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Nutson's Weekly Auto News Wrap-up October 23-29, 2022



Every Sunday Larry Nutson, The Chicago Car Guy and Auto Channel Executive Producer, with able assistance from senior editor Thom Cannell from The Auto Channel Michigan Bureau, compile The Auto Channel's "take" on this past week's automotive news, condensed into easy to digest news Nuggets.

LEARN MORE: Complete versions of today's news nuggets, along with thousands of pages of relevant news and opinions, information stored in a million-page library published and indexed on The Auto Channel during the past 25 years. Complete information can be found by copying a headline and inserting it into any Site Search Box.

Nutson's Weekly Auto News Wrap-up - Week Ending October 29, 2022

Here are Larry's picks among the past week's important, relevant, semi-secret, or snappy automotive news, opinions and insider back stories presented as expertly crafted easy-to-understand automotive universe news nuggets.

* October U.S. auto sales, when confirmed next week, are expected to show an increased selling pace compared to last month and last year. According to the Cox Automotive forecast, October’s U.S. new-vehicle sales volume is expected to rise over 4% from last year and finish with 1.11 million units sold, delivering a sales pace, or seasonally adjusted annual rate (SAAR), for October of 14.3 million. A sales pace of 14.3 million would be the fastest pace since April and a nice uptick from September’s 13.5 million level, likely reflecting greater product availability at some dealers.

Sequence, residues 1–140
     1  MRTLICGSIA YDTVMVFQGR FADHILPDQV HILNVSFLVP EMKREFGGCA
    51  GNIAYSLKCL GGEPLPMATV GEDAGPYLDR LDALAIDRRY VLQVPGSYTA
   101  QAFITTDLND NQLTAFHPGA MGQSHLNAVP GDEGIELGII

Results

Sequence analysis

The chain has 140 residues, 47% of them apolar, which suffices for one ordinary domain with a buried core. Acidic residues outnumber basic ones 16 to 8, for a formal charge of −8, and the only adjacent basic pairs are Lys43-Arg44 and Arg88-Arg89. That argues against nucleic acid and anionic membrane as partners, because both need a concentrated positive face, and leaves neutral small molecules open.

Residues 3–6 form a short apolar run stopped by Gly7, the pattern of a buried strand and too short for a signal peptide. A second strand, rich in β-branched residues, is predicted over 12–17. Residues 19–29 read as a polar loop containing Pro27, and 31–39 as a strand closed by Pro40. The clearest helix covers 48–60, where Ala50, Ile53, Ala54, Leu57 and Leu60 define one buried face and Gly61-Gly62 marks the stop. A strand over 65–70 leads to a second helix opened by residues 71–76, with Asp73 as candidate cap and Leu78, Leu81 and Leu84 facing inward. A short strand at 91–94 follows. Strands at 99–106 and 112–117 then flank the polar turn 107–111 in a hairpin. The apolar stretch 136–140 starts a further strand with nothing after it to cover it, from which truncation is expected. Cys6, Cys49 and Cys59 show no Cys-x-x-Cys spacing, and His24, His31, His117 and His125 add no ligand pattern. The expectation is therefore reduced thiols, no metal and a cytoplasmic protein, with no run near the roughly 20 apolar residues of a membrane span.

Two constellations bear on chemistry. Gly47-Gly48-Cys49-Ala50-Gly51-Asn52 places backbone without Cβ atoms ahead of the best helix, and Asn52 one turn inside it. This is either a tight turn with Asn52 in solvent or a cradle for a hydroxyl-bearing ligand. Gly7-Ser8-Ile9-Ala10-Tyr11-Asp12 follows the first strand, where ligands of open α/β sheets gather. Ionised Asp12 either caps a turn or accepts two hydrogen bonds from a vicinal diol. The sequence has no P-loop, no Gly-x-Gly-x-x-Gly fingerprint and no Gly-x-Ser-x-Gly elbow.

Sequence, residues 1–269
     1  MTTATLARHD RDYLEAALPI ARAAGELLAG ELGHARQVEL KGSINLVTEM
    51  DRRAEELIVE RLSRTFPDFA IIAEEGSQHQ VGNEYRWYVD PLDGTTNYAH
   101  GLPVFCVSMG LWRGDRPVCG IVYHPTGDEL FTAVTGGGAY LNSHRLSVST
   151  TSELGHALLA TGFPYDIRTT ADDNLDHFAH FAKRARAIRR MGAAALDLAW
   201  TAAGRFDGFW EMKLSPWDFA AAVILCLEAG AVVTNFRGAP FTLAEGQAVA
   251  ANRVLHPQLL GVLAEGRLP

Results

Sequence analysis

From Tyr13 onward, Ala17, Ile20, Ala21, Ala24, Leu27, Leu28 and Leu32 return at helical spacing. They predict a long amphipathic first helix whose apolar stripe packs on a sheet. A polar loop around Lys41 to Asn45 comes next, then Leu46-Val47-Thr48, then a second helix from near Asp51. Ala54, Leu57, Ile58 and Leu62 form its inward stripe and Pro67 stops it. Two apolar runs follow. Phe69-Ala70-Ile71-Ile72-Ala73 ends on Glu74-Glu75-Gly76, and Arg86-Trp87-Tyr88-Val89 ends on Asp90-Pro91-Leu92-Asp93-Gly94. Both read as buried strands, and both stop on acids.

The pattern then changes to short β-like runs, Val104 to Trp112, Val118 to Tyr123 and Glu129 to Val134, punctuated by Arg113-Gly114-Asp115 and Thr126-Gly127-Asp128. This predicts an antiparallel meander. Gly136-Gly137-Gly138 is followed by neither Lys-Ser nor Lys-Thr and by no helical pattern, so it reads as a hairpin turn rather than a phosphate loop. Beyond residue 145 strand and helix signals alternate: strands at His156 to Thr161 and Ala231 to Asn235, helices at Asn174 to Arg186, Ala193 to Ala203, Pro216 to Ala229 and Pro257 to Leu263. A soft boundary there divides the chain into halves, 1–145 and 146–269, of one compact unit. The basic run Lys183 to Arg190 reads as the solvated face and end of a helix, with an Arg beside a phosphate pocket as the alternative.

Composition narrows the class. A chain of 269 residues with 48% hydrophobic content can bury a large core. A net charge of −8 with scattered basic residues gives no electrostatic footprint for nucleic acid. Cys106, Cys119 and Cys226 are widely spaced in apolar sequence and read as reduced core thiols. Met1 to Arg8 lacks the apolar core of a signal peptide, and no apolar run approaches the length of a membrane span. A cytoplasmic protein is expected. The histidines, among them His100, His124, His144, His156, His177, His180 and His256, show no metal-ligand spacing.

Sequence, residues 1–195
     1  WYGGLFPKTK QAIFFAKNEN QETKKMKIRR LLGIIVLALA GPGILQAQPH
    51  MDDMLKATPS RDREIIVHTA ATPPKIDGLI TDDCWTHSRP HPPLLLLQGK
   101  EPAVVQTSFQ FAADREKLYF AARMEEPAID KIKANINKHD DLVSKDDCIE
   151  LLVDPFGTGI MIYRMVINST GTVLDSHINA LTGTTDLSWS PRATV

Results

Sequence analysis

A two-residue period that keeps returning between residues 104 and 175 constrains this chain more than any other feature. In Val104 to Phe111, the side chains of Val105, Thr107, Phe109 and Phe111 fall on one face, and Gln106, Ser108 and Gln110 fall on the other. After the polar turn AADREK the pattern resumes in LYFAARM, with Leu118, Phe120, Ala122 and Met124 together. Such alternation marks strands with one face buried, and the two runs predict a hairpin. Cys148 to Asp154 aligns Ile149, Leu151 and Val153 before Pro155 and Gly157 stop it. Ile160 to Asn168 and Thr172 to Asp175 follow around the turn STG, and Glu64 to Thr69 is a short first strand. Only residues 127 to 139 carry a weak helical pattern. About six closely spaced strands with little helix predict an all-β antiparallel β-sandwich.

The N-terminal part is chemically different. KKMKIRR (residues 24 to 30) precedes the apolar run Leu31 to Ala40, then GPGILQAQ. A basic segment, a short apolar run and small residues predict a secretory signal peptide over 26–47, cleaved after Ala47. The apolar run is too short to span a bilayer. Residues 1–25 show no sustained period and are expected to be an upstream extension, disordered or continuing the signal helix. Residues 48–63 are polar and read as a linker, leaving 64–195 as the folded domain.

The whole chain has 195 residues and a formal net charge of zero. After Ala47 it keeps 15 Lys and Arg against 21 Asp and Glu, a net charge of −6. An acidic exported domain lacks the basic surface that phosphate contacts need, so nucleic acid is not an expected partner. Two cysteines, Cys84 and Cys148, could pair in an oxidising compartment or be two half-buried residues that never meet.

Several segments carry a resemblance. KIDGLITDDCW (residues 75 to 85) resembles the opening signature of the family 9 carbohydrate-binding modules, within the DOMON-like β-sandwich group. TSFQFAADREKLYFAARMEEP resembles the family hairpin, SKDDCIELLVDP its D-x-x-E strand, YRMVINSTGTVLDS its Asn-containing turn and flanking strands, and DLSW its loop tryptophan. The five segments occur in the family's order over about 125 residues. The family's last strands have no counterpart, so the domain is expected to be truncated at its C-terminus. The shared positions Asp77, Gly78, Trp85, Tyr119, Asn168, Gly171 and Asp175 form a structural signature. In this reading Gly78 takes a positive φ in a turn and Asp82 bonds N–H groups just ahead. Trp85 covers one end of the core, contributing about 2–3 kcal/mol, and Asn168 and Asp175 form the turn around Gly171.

* Worried about the stress on our electric grid from EVs? Here's a way it will be helped. Electrify America opened the first megawatt-level battery energy storage system (BESS) for EV charging stations in Baker, California, offering a significant supplement of power boosted by a solar canopy. The goal of such storage systems is to reduce stress on the grid and manage energy costs when local utilities limit the amount of power a station can offer. It also permits a station to generate and store its own solar power.

* Zero-emission vehicles made up nearly 18% of all new car sales in California in 2022 according to information provided by the Office of California Governor Gavin Newsom and California Energy Commission. Of all zero-emission vehicles sold in the U.S. 42% were sold in Caligornia. California has 79,000 public and shared private electric vehicle chargers.